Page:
Irvine, Richard D. G. 2013. Stability, Continuity, Place: An English Benedictine Monastery as a Case Study in Counterfactual Architecture. In Religious Architecture: Anthropological Perspectives edited by Oskar Verkaaik. Amsterdam: Amsterdam University Press, pp.25-45
Taking as its focus Downside Abbey, a Catholic English Benedictine monastery in Somerset, England, this paper explores what kind of home a monastery is. The call to monastic stability is expressed within the architecture of the Abbey in two ways: Firstly, by shaping the monk’s movement throughout his daily routine and his life cycle, the monastery makes possible a radical commitment to place. Secondly, by expressing the continuity of monasticism in English history, the Abbey creates a sense of historical stability in place of rupture – a visible sign of the monastic family as an enduring unit. In this sense, the Abbey puts forward an English vision of Catholicism and monasticism running counter to claims that Catholicism was Roman and thus fundamentally foreign. The Abbey thus serves as a piece of counterfactual architecture: a building which asks provocative “what if” questions, inviting aesthetic and moral comparisons and showing a possibility of what might have been – and what could still be.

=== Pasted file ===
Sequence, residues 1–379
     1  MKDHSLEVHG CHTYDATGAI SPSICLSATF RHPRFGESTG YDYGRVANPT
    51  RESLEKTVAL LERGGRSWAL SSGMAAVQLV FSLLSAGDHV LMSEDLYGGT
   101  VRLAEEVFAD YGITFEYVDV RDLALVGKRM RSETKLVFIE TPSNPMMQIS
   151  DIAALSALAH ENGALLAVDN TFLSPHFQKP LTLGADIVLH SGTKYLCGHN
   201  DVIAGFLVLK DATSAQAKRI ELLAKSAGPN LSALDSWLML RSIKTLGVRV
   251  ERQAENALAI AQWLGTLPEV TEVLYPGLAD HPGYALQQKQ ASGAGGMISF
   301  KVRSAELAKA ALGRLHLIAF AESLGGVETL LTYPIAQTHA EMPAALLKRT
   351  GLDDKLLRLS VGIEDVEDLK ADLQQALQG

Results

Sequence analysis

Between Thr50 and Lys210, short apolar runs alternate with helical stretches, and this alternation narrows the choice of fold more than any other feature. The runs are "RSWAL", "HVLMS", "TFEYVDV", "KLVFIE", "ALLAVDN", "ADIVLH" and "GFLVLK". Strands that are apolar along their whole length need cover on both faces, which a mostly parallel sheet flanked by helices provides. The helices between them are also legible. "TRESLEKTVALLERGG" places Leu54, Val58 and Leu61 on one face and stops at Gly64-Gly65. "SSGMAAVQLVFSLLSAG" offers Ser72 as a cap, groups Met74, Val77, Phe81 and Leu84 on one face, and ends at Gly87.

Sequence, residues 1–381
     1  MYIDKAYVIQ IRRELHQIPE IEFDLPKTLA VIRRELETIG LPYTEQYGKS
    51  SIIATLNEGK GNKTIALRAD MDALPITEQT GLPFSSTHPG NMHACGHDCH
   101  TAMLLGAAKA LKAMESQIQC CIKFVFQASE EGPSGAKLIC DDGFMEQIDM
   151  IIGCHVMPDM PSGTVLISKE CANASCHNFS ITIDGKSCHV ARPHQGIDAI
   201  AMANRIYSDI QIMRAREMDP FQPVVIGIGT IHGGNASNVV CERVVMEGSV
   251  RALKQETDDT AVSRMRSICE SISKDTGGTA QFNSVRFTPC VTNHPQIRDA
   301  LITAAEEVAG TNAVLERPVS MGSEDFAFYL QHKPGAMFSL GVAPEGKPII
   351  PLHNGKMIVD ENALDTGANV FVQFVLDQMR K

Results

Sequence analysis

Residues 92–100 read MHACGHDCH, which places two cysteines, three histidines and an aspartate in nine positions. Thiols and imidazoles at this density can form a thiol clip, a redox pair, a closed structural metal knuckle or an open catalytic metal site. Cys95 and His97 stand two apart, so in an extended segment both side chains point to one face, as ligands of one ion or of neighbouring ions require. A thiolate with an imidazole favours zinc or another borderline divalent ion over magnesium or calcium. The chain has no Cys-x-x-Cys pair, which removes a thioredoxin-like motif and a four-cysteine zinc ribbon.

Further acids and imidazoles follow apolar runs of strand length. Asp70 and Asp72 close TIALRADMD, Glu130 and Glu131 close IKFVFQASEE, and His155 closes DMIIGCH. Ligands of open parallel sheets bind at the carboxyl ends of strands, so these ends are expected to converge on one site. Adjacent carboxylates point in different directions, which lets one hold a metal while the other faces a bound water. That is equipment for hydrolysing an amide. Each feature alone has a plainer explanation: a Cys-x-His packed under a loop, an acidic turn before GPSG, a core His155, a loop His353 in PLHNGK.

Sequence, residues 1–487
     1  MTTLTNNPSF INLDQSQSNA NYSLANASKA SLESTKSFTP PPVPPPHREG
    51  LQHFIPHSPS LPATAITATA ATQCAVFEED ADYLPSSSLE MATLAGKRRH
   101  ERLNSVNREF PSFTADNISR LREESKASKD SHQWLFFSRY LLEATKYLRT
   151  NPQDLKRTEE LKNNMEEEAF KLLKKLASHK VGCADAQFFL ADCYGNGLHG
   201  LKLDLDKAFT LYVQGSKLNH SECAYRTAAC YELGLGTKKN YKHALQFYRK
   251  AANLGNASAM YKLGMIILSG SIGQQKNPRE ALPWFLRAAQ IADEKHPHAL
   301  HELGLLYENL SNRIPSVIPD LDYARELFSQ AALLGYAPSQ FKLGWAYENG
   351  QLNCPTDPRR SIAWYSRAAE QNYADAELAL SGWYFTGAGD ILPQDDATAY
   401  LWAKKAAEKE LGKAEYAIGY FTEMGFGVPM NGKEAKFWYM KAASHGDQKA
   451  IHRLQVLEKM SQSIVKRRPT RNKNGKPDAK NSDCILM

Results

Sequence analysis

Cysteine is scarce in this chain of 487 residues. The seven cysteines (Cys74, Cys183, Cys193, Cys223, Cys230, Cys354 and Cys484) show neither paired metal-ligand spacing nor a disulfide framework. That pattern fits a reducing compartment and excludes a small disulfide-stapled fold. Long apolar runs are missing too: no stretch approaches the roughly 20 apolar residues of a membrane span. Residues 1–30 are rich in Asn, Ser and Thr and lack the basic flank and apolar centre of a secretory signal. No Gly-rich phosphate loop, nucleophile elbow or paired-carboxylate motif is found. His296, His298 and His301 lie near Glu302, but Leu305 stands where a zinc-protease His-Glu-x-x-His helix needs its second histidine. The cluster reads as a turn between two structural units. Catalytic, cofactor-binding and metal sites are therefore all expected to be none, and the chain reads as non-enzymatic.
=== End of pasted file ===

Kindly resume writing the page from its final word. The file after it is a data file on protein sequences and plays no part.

Contributors: Richard Fox Young, Jonathan A. Seitz, Nola Cooke, Richard Burden, Joseph Tse-Hei Lee, La Seng Dingrin, Erik de Maaker, Sipra Mukherjee, Gregory Vanderbilt, Jonas Adelin Jorgensen, Chad M. Bauman, Franklin Rausch, Rhonda Semple, Matthias Frenz, Edwin Zehner